Jimmy Vivino’s connection with the Band runs deep, and it continues right through to his upcoming release 13 Live, which was recorded at Levon Helm’s rustic concert space.
Post Tagged with: "Roots Music"
‘It will be a grand jaunt’: The Band’s Garth Hudson, Sister Maud set for series of summer appearances
Even as Garth Hudson continues working on a new studio effort, the Band’s very busy multi-instrumentalist is prepping for a tour in Japan, to begin at the end of July.
It’s difficult, as this plays, to believe that The Beautiful Old focuses on sheet-music favorites from before the advent of electricity. These 19 gusts of folk-tinged turn-of-the-century Americana still hold boundless insights.
Some magic was bound to surround this, as Jimmy Vivino reunited with long-time former collaborators for the first time in years. But doing so in Levon Helm’s old-barn studio, where Vivino had made so many memories, only heightened the date’s sense of emotional reminiscence.
Mike McGuire’s new six-song Americana EP Kentucky Morning takes the themes and atmospheres of 2011’s Beyond the Ark to a darker, more contemplative place.
Arriving as it does amidst of flurry of similarly themed songbook albums — from Rod Stewart to Paul McCartney to Jeff Lynne — Let’s Face the Music and Dance reminds us of Willie Nelson’s age-old command of the genre.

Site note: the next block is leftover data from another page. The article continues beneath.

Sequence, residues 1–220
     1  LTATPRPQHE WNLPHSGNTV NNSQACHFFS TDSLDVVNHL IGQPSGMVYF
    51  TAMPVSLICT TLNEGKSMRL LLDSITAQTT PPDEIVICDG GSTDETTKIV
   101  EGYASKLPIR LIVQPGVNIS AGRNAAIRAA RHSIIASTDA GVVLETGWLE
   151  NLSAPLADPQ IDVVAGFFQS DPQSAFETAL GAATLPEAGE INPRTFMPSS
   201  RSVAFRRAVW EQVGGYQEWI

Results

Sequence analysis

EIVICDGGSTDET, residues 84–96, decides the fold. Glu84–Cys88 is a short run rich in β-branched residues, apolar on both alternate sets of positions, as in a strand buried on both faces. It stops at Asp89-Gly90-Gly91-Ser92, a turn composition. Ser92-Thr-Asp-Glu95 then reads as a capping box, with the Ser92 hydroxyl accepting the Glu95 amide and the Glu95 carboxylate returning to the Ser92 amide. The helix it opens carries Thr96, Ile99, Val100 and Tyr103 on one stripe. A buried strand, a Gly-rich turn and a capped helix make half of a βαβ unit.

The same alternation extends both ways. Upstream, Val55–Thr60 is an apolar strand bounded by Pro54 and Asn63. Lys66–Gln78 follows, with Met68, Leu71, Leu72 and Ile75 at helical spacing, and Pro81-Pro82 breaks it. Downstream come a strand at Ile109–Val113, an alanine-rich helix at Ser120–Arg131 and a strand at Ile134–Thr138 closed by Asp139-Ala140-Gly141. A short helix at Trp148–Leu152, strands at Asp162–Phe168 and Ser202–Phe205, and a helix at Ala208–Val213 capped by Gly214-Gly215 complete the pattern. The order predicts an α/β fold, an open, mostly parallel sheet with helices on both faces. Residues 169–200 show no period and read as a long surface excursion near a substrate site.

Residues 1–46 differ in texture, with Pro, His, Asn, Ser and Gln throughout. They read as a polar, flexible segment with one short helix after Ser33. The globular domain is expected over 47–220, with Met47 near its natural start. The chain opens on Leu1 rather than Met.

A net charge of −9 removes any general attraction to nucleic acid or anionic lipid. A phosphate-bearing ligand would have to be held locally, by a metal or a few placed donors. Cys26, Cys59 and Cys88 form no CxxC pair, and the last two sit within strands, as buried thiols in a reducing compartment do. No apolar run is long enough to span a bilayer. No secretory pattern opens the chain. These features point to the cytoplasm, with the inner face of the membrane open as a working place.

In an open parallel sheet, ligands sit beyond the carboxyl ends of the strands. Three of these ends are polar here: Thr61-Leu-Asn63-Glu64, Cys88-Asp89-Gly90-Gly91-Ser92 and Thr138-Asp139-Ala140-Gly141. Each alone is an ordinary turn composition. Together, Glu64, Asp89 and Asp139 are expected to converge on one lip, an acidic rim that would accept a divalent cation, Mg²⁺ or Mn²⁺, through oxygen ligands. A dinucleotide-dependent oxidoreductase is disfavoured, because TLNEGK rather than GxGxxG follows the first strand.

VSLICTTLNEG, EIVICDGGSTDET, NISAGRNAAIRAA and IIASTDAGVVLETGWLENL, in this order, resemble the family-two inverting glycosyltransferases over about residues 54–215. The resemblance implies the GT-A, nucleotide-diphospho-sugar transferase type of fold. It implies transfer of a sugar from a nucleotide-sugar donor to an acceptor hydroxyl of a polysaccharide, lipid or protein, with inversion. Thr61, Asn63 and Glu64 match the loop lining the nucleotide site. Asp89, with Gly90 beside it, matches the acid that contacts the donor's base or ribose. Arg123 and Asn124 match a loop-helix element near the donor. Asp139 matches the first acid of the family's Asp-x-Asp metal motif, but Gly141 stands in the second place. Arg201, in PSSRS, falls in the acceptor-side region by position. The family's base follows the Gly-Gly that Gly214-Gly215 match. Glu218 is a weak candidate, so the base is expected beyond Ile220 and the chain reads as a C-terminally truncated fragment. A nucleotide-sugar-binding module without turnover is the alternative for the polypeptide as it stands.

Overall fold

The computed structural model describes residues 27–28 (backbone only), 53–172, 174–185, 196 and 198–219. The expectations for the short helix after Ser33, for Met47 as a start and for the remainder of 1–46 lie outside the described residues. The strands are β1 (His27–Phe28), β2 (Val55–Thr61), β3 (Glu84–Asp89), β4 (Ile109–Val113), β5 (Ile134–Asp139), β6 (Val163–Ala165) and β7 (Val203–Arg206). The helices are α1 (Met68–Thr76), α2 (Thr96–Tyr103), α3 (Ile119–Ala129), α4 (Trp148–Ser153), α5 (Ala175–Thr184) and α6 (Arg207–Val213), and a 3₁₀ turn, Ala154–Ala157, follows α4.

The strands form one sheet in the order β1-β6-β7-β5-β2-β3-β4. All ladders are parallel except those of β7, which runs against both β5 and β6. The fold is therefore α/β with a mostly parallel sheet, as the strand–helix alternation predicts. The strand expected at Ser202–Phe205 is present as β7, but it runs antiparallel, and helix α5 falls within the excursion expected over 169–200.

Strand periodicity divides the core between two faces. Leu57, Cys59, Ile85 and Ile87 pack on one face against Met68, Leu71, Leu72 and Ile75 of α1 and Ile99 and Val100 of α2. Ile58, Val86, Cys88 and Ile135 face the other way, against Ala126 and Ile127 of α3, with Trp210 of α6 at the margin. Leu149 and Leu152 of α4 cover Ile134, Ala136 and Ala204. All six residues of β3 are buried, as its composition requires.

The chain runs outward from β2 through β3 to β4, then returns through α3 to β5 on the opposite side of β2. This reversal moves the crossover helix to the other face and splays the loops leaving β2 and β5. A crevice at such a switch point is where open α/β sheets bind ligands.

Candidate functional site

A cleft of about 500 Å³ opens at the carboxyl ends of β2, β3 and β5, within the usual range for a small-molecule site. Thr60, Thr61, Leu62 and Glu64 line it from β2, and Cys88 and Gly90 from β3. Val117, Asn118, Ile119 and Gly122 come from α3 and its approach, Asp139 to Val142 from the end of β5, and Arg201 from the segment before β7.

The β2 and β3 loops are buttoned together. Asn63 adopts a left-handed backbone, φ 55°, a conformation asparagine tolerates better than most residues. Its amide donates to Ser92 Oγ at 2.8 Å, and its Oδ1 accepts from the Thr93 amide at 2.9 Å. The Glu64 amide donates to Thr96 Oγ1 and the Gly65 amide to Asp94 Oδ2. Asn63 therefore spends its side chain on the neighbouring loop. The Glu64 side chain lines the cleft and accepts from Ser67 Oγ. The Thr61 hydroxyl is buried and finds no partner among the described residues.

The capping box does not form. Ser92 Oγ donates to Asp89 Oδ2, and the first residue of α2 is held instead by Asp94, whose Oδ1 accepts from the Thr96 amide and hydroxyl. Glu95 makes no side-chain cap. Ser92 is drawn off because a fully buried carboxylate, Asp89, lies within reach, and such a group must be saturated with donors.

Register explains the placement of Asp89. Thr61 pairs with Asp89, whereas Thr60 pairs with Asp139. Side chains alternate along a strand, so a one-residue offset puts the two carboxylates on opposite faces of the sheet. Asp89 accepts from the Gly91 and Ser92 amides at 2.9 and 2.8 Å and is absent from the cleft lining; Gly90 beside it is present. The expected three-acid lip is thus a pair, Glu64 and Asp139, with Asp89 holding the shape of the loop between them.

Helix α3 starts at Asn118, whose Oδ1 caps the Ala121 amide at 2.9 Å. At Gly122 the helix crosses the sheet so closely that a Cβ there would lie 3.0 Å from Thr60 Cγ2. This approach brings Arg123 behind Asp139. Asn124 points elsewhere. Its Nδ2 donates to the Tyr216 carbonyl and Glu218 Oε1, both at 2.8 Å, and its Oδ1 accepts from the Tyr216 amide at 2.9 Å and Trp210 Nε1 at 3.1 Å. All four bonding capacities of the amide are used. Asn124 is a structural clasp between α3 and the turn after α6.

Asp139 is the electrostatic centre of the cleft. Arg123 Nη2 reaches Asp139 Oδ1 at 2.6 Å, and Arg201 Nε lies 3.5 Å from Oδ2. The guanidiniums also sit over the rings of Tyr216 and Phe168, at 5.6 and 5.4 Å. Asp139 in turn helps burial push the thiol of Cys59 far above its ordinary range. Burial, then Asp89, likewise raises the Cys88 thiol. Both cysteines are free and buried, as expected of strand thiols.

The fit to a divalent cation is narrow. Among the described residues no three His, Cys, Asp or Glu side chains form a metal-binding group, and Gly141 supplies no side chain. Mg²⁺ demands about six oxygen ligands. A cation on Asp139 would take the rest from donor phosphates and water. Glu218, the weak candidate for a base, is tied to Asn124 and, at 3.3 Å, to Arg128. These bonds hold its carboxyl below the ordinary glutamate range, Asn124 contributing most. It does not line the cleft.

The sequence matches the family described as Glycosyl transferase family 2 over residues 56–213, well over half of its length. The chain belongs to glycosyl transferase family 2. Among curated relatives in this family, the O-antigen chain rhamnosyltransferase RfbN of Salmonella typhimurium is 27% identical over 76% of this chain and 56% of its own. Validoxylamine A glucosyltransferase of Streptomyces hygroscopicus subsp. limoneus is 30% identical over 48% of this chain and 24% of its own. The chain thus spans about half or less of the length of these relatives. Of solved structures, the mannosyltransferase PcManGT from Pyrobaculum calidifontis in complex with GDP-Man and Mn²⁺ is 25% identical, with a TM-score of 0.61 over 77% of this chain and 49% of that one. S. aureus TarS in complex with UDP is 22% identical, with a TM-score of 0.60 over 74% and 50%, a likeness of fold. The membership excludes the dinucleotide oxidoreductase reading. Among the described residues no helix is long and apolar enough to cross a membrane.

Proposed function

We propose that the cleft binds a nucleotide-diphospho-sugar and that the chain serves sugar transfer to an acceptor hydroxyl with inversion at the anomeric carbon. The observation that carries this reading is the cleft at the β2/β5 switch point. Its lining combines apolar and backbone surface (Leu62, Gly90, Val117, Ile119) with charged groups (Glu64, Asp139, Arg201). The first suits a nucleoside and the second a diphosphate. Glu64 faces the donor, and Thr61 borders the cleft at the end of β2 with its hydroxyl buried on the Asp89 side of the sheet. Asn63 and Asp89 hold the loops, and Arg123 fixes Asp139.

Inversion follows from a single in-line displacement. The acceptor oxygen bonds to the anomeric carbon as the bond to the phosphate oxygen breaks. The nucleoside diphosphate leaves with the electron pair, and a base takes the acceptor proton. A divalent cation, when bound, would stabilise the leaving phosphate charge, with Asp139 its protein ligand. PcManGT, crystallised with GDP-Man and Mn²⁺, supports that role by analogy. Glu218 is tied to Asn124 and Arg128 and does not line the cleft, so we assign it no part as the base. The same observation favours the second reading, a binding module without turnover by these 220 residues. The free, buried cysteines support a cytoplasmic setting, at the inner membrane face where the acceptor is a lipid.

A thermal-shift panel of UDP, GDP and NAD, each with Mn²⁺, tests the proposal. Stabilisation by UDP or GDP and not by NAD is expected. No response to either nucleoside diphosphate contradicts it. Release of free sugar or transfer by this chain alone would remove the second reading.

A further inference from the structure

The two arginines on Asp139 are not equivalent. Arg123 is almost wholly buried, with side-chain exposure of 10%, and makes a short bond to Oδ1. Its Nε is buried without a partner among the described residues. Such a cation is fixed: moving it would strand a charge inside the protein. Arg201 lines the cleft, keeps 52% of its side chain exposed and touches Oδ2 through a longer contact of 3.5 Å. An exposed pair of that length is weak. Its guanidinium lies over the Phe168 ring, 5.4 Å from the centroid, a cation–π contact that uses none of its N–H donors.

Though Canadian singer-songwriter David Alter always had this passion for music, a career in medicine beckoned. Once he returned to that first love, however, the question became how to present his work.
John Oates is offering a scintillating acoustic version of his Hall and Oates gem “How Does It Feel To Be Back,” originally released as the opening track on their career-turning effort Voices. Download it here for free.
You may think you’ve never heard of the McCrary Sisters, but you probably have anyway: The quartet was featured, for instance, on Dr. John’s Grammy-winning 2012 Dan Auerbach-produced triumph Locked Down.
Thirty-five years after scoring their biggest-ever hit with Rusty Young’s “Crazy Love,” Poco finally returns with a suitable successor called “Regret” — a song so full of sweet reminiscence that it’s difficult to believe this isn’t a leftover